What is Enterocele?
Enterocele, also known as a small bowel hernia, is an example of a complication that effects women who have had a hysterectomy removing the entire uterus. It occurs when the pelvic organs, supported by various muscles and ligaments, stretch and weaken, allowing the small intestine to shift and fall into the vagina resulting in a bulge in the vaginal canal. The weakening can happen as a result from childbirth, excessive straining or age causing the pelvic organs to shift from their normal location.
Original Images Courtesy of BARD Medical – Subject to Copyrights. Labeling Enhanced for Educational Purposes by D. K. Veronikis, MD
Symptoms of Enterocele
Mild cases of Enterocele may not experience specific symptoms. However, in more severe cases you’re likely to notice vaginal discomfort or pain during intercourse. You may also notice a pulling or tugging sensation in your pelvis area or a feeling of pressure or pain. This pressure may also rest on other organs like the bladder causing symptoms of stress incontinence. The most prominent symptom for most patients is a soft bulge of tissue in the vagina.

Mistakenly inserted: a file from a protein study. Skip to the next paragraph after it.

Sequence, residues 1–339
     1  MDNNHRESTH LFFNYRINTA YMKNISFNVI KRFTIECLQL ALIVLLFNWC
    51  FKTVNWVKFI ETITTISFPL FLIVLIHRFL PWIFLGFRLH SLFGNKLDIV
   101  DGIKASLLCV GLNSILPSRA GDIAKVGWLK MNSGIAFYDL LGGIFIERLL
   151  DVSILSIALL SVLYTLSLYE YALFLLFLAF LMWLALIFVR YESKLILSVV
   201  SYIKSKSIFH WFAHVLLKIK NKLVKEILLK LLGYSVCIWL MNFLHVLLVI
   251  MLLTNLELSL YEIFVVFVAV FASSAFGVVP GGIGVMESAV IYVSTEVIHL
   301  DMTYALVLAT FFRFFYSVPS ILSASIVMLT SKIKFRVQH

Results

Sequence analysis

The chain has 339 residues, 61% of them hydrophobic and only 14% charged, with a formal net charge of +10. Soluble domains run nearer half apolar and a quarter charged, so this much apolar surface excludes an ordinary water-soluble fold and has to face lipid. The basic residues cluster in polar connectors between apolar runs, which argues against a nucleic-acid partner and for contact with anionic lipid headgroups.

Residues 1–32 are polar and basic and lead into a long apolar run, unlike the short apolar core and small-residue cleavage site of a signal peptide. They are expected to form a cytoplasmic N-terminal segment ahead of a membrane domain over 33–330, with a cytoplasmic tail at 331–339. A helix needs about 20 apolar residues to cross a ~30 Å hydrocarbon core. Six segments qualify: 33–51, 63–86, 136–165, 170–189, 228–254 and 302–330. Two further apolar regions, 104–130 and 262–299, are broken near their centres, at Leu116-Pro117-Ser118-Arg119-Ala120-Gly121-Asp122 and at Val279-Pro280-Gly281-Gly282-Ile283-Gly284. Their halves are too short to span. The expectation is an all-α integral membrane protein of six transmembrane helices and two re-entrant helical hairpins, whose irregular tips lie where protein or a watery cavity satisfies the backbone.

Treatment for Enterocele
Enterocele treatment really depends on the severity of the condition. More mild cases benefit from Kegel exercise that strengthens the pelvic muscle tissues. For women who have experienced menopause, estrogen therapy may be beneficial as it helps keep the pelvic muscles strong. Additional nonsurgical options includes inserting pessary supports into the vagina. When surgery is required, it normally includes a reconstructive procedure that not only puts the small intestine and the vagina back in place, but it will also repair damage made to surrounding organs or tissue. These procedures can be performed using minimally invasive surgery techniques which reduces the recovery time experienced by a patient.